Franco-German tandem in EU’s security policy

  • Justyna Gotkowska (OSW)
  • 16.10.2017 12:18

Franco-German reform efforts also span into security and defence. But strategic differences prove to be a major obstacle in European defence integration.

French and German proposals in the CSDP

Franco-German discussions on strengthening security cooperation within the EU intensified after the Brexit referendum in 2016. Faced with a crisis of the European project, France and Germany wanted to show that more integration can be agreed upon and realised swiftly within the EU. EU’s security and defence policy was one of the few areas in which Paris and Berlin were able to find the lowest common denominator. In 2016 the French and German ministers of foreign affairs and of defence put forward proposals that - with the support of the European Commission - stimulated the development of new initiatives in the EU’s Common Security and Defence Policy (CSDP). As a result, in 2017 the European Council decided: (1) to activate the permanent structured cooperation (PESCO) to make a more intense defence cooperation within a smaller group of member states possible, (2) to launch a European Defence Fund (EDF) to co-finance multilateral armaments and R&D programmes, (3) to introduce a coordinated annual review on defence (CARD) to coordinate the development of national military capabilities in the EU. French ambitions with regard to enhancing the EU’s security policy go far beyond that, as Macron’s vision shows.

In spite of putting forward joint CSDP proposals in the last two years, the French and German goals in developing the EU’s security and defence policy differ substantially. France is interested in creating financial and military instruments and mechanisms that could be used in crisis management operations in the EU’s southern neighbourhood (Africa, the Middle East) to complement French security and defence policy. Paris therefore advocates ambitious goals in developing the CSDP. It wants to create a smaller and more exclusive group of member states that is politically and militarily ready to integrate and to jointly conduct military interventions. It also aims to provide more financial support for such operations from the common EU budget.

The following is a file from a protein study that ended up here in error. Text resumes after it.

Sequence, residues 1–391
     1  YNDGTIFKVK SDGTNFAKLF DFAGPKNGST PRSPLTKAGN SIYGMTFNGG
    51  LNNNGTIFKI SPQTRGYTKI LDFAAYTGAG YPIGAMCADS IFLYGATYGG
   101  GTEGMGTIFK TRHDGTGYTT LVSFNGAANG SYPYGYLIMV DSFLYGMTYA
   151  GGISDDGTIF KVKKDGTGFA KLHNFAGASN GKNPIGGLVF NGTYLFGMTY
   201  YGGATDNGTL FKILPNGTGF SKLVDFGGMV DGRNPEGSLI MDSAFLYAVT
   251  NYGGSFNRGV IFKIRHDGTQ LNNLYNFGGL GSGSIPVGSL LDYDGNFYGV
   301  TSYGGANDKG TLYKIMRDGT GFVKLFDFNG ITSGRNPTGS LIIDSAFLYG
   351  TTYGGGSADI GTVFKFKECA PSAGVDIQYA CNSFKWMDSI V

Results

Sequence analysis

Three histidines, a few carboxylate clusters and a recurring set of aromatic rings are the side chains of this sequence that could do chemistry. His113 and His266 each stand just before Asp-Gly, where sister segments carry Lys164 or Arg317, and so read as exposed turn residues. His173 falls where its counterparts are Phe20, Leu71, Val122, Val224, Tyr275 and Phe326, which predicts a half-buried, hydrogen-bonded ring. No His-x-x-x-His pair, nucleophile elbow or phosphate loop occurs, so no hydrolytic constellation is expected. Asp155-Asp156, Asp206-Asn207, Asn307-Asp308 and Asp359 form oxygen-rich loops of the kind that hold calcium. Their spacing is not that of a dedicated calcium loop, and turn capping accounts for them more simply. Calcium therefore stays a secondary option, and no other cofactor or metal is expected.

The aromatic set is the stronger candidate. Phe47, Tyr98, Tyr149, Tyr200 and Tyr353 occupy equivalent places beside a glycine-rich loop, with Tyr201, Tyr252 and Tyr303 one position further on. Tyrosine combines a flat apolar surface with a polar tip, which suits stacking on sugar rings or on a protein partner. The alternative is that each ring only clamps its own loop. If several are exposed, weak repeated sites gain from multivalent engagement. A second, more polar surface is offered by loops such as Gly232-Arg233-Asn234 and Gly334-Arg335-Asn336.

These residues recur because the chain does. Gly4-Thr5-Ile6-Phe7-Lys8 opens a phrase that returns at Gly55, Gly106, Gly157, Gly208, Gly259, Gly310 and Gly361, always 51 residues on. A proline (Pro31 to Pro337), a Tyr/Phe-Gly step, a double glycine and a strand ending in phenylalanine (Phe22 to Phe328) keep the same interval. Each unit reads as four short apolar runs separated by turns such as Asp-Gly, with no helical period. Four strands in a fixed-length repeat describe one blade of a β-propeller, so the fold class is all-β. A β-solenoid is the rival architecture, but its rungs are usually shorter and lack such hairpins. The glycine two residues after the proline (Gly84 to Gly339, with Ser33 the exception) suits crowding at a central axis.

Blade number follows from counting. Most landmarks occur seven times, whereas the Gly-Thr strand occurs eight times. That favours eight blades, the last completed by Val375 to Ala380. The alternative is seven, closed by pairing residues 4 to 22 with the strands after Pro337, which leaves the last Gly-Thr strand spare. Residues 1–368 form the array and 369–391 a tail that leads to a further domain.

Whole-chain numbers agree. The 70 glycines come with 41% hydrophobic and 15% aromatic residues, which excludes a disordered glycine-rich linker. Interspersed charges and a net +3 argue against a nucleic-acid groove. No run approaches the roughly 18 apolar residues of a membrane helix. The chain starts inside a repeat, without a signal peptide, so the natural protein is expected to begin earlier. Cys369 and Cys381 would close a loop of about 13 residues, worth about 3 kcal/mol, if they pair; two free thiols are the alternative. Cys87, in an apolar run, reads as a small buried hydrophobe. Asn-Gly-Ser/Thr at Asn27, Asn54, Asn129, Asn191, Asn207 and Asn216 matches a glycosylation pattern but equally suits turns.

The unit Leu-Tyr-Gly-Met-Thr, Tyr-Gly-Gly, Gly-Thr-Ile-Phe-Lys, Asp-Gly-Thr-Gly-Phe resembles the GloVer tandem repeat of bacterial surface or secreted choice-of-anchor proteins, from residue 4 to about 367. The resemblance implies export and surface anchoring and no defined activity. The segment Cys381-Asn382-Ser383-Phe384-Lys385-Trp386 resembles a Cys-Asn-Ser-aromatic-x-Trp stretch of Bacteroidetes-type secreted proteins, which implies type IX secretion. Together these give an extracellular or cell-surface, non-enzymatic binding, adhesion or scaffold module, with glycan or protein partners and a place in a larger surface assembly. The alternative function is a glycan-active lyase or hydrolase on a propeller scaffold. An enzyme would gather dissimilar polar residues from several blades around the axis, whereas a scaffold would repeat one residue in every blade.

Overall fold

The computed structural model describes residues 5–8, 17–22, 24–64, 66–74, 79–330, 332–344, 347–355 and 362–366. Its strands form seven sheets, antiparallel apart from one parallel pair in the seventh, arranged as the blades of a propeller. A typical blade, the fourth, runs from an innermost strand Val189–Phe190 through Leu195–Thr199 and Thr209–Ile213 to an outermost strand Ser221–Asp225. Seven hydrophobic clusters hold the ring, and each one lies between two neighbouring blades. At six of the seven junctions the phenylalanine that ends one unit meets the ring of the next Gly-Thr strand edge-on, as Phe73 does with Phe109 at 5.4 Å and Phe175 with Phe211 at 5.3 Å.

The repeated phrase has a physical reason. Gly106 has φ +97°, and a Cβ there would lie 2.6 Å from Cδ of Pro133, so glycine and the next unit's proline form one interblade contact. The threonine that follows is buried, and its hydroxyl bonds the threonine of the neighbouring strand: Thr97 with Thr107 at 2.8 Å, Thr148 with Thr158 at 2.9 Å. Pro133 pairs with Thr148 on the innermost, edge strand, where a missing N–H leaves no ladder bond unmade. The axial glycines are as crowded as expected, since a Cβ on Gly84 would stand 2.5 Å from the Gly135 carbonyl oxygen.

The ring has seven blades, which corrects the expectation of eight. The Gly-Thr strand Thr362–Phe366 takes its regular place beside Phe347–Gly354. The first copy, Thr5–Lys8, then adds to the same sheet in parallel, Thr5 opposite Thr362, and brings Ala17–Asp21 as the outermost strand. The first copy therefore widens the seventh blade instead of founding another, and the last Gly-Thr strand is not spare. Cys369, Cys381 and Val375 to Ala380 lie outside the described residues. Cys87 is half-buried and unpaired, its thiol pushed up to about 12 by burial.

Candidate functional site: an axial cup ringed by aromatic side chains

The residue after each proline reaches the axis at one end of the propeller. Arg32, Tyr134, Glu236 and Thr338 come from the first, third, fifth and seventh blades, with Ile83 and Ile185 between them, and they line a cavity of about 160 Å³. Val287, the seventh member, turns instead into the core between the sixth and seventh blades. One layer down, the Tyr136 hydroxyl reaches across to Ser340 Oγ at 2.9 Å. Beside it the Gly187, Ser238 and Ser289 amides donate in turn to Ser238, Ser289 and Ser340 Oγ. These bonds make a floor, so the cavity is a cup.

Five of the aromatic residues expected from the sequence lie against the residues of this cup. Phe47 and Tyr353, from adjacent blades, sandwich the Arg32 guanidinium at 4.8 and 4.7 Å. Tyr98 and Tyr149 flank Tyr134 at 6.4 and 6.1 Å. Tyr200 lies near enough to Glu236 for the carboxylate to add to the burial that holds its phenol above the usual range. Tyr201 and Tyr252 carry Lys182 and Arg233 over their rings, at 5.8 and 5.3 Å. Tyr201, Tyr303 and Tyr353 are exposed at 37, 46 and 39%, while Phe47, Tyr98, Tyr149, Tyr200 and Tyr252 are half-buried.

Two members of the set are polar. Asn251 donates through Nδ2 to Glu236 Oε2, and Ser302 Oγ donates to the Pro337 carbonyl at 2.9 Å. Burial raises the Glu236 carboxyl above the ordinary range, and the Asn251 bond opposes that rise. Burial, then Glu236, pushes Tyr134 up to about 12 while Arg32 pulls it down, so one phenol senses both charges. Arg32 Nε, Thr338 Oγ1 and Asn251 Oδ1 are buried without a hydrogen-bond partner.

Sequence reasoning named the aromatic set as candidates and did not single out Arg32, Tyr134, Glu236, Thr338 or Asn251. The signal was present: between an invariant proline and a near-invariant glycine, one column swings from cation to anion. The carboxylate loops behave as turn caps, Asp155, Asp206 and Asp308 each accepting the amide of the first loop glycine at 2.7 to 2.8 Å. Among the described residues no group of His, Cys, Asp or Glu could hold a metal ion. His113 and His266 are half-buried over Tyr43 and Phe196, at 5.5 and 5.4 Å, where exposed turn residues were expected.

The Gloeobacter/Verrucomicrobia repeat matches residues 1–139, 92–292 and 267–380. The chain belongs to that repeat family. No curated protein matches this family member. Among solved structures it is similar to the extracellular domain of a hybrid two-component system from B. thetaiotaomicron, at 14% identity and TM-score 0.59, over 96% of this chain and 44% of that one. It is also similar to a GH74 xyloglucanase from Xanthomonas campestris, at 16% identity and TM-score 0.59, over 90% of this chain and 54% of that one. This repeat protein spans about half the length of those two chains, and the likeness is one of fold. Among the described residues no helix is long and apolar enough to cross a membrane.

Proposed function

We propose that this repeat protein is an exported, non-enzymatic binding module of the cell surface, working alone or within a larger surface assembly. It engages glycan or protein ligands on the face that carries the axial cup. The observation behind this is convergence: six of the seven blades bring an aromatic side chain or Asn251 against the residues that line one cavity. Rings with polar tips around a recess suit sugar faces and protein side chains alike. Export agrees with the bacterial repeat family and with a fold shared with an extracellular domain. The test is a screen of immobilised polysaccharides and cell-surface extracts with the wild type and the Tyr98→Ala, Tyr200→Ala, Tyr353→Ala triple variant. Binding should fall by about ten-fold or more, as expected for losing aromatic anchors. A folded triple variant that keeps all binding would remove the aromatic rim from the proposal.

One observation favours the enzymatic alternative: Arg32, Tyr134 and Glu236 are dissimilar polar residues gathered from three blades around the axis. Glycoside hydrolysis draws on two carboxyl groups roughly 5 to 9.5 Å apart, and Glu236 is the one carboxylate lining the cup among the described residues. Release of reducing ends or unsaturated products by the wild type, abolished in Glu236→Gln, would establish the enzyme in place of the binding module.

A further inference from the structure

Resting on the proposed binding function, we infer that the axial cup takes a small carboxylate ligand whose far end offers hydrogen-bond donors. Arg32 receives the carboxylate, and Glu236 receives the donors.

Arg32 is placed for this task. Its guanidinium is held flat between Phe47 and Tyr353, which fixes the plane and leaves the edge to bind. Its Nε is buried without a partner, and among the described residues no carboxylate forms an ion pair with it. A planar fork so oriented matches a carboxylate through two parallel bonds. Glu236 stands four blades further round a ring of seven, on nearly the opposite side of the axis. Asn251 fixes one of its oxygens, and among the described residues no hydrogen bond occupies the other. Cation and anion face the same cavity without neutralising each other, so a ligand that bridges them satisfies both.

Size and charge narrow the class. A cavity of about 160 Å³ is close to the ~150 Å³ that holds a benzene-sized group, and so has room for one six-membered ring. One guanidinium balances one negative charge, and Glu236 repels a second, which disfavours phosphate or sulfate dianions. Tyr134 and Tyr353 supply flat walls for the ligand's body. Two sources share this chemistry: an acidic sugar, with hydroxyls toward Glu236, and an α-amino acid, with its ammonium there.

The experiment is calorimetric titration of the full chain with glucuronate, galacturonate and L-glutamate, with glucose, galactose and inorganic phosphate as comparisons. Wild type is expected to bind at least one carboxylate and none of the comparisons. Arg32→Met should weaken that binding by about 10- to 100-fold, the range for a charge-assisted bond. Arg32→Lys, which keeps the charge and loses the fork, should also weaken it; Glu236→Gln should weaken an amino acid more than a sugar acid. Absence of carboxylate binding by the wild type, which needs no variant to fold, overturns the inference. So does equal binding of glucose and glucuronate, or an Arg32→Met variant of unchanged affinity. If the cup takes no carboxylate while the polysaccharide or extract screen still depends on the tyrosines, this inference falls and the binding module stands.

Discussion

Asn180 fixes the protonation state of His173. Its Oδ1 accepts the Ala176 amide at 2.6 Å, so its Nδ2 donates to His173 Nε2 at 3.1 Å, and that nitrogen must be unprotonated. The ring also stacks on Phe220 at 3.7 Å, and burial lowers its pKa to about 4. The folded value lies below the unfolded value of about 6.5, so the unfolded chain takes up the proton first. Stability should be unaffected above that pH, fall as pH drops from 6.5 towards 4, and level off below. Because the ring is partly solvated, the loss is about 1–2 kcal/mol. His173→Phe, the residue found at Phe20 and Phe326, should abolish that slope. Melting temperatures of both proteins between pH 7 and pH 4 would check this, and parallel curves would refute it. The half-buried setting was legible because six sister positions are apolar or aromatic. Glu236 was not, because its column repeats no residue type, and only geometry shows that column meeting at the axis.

Limits for Franco-German military cooperation

In spite of putting forward joint CSDP proposals in the last two years, the French and German goals in developing the EU’s security and defence policy differ substantially. France is interested in creating financial and military instruments and mechanisms that could be used in crisis management operations in the EU’s southern neighbourhood (Africa, the Middle East) to complement French security and defence policy. Paris, therefore, advocates ambitious goals in developing the CSDP. It wants to create a smaller and more exclusive group of member states that is politically and militarily ready to integrate and to jointly conduct military interventions. It also aims to provide more financial support for such operations from the common EU budget.

 

Strategic differences between Paris and Berlin have proved to be an obstacle for deepening bilateral military cooperation.

 

Germany, reluctant to use military instruments in solving regional crises and conflicts, is interested in developing the EU’s security and defence policy for quite different reasons. On the one hand, Berlin sees a general need to enhance Europe’s military capabilities, also due to being faced with pressure from the USA. The narrative supporting more military integration in the EU (and not in the unpopular NATO) is used partly for domestic reasons – in order to generate popular support for strengthening the Bundeswehr and increasing military spending. On the other hand, by promoting in the EU concepts of the structural integration of the armed forces with the Bundeswehr as the core of (regional) military cooperation, Germany wants to enhance its own political, military and industrial position. It seems however that Berlin is more interested in creating such integrated structures (and improving its own position) than in making them operational.